He agreed with many, disagreed with some, fine-tuned others, and finished the project that Heidegger set himself, but failed to complete.
Jean-Paul Sartre Being and Nothingness
Naturally, Sartre accomplished something that was different from what Heidegger had intended at any stage of his career. Two philosophers, at least two opinions. Sartre described his work as “an essay on phenomenological ontology,” its goal to set down “the basis for a general theory of being.
It has the hallmarks of the type of system that Heidegger envisaged but failed to achieve, because he segmented his project, stopped at the first phase which was enough to gain him a professorial poststarted to question and doubt subsequently, revised, and went on to other interests including the reconciliation of his philosophy with National Socialism.
Ontology is an extremely speculative, subjective, arbitrary and even metaphorical study. Sartre doesn’t accord Noothingness any particular privileged status. He is simply one more philosopher trying to address issues posed by philosophy in general and Husserl in particular. Both are trying to feel their way in notgingness dark, recording their perspectives and impressions as they progress.
You might not agree with everything that Sartre or Heidegger, for that matter wrote.
At least, unlike “Being and Time”, you can tell from the text of “Being and Nothingness” itself, what ideas and arguments belong beingnses Sartre, what he has adopted from his predecessors who are acknowledgedand what beingnes differences and disagreements are.
This is an argumentative work which tries to tease out the truth, rather than one that simply proclaims its truth imperiously and ex cathedra. Ultimately, I found Sartre’s work to be a more honest and accountable study than “Being and Time”.
Notwithstanding its length, it is also a more engaging literary experience for a reader, once if at all you become comfortable with the terminology of phenomenology and ontology. As a result, it is a source of greater illumination.
Consciousness is what negates, differentiates, separates, determines, designates. It differentiates the Subject from the Object, and the Self from the Other. In order to identify itself, consciousness in the form of Being-for-itself turns inward and negates the Being-in-itself. Yet, Being-for-itself is nothing other than Being-in-itself. It is one and the same thing. Being is separated by nothingness.
Consciousness identifies and chooses possibilities for being. Freedom is action in pursuit of possibilities. Freedom is the burden or responsibility of making our own choices. Freedom is the recognition and embrace of the possibilities of our own being. Bad faith occurs when consciousness eschews its responsibility to itself.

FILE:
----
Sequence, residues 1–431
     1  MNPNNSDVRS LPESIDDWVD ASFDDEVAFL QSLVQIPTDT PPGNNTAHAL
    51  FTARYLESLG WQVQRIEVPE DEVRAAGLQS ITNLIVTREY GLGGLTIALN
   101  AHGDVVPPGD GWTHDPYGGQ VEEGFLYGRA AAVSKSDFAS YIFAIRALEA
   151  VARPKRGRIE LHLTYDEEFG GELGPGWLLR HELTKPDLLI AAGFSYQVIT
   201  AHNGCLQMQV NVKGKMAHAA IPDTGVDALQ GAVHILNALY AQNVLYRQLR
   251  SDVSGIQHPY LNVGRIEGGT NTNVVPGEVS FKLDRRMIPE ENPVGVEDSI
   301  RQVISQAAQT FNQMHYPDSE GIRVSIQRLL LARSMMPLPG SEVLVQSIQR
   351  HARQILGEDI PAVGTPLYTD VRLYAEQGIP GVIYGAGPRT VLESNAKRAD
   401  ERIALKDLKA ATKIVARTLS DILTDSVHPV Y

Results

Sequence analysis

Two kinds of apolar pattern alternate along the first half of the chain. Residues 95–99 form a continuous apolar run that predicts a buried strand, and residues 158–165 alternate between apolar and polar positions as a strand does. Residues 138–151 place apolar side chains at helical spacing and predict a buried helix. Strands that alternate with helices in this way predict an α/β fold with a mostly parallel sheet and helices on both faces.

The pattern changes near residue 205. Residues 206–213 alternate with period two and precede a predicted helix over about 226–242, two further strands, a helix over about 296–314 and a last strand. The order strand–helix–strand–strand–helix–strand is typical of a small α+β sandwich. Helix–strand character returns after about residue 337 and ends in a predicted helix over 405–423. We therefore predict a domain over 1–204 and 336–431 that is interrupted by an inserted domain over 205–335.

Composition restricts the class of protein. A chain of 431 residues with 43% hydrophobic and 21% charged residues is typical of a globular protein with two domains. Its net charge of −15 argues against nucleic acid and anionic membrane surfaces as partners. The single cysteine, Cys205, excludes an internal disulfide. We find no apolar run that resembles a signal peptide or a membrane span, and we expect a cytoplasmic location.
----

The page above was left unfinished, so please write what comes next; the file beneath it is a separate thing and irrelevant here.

Heidegger and Sartre were both 38 at the time of publication of their respective works, “Being and Time” and “Being and Nothingness”. The Extreme Radicalisation of a Potentiality ” Sartre’s convictions are really closer to Heidegger’s than to anyone else’s. Indeed, the least inadequate capsule classification is to make of him the extreme radicalisation of a potentiality inherent in Heidegger’s ‘Sein und Zeit’.
Yet, to leave Sartre unspeakable through silence is silently to call attention to him as somehow fundamental; it is to suggest his having been given a reading, and call for a rereading. The For-itself is The nothingness Of the In-itself. Separated by Nothingness Human reality carries Nothingness within itself As the nothing which Separates its present From all its past.
The Future The Future is not, It is possibilised. The Future is The continual Possibilisation Of possibilities. Future Perfect Possibility To be its own possibility, To be defined by it, Is to be defined by That part of itself Which it is not, To be defined by An escape from itself Towards a future possibility. A Certain Coincidence Each for-itself is haunted By the presence of that With which it should coincide In order to be itself.
Something Possible The possible is the something Which the for-itself lacks In order to be itself. To be is to be My own possibilities. It is a mode of being In which I make myself be. Being and Possibility Each being-for-itself Strives towards the possibility Of being what it is not, Which contra Sartre?
Is not nothingness, But possibility. It is in time That my possibilities appear On the horizon of the world Which they make mine. Its freedom Is to itself Its own limit. To be free Is to be Condemned To be free. I am condemned To be wholly Responsible For myself. Instead of directing Its negation outward, It turns it toward itself.
This flight Takes place toward An impossible future. Thus the for-itself Is both a flight And a pursuit. I make the Other be Nothijgness the midst of the world.